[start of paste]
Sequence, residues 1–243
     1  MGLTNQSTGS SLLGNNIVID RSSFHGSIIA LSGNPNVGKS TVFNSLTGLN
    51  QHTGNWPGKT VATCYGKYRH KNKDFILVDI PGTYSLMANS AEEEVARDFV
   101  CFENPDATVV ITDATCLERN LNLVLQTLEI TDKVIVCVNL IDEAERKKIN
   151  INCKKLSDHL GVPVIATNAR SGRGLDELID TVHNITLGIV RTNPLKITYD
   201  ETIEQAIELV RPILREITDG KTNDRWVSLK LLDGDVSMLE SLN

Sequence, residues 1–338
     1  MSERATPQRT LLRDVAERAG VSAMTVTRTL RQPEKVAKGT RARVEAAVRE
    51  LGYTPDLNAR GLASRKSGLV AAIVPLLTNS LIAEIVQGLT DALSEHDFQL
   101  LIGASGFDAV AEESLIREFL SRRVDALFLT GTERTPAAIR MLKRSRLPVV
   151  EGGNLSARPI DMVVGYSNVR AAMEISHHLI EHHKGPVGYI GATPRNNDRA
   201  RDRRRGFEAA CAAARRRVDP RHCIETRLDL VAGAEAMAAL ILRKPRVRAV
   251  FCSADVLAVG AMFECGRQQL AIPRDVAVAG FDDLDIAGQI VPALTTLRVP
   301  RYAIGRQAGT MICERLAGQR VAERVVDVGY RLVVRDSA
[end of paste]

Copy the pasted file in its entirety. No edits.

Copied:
Sequence, residues 1–243
     1  MGLTNQSTGS SLLGNNIVID RSSFHGSIIA LSGNPNVGKS TVFNSLTGLN
    51  QHTGNWPGKT VATCYGKYRH KNKDFILVDI PGTYSLMANS AEEEVARDFV
   101  CFENPDATVV ITDATCLERN LNLVLQTLEI TDKVIVCVNL IDEAERKKIN
   151  INCKKLSDHL GVPVIATNAR SGRGLDELID TVHNITLGIV RTNPLKITYD
   201  ETIEQAIELV RPILREITDG KTNDRWVSLK LLDGDVSMLE SLN

Sequence, residues 1–338
     1  MSERATPQRT LLRDVAERAG VSAMTVTRTL RQPEKVAKGT RARVEAAVRE
    51  LGYTPDLNAR GLASRKSGLV AAIVPLLTNS LIAEIVQGLT DALSEHDFQL
   101  LIGASGFDAV AEESLIREFL SRRVDALFLT GTERTPAAIR MLKRSRLPVV
   151  EGGNLSARPI DMVVGYSNVR AAMEISHHLI EHHKGPVGYI GATPRNNDRA
   201  RDRRRGFEAA CAAARRRVDP RHCIETRLDL VAGAEAMAAL ILRKPRVRAV
   251  FCSADVLAVG AMFECGRQQL AIPRDVAVAG FDDLDIAGQI VPALTTLRVP
   301  RYAIGRQAGT MICERLAGQR VAERVVDVGY RLVVRDSA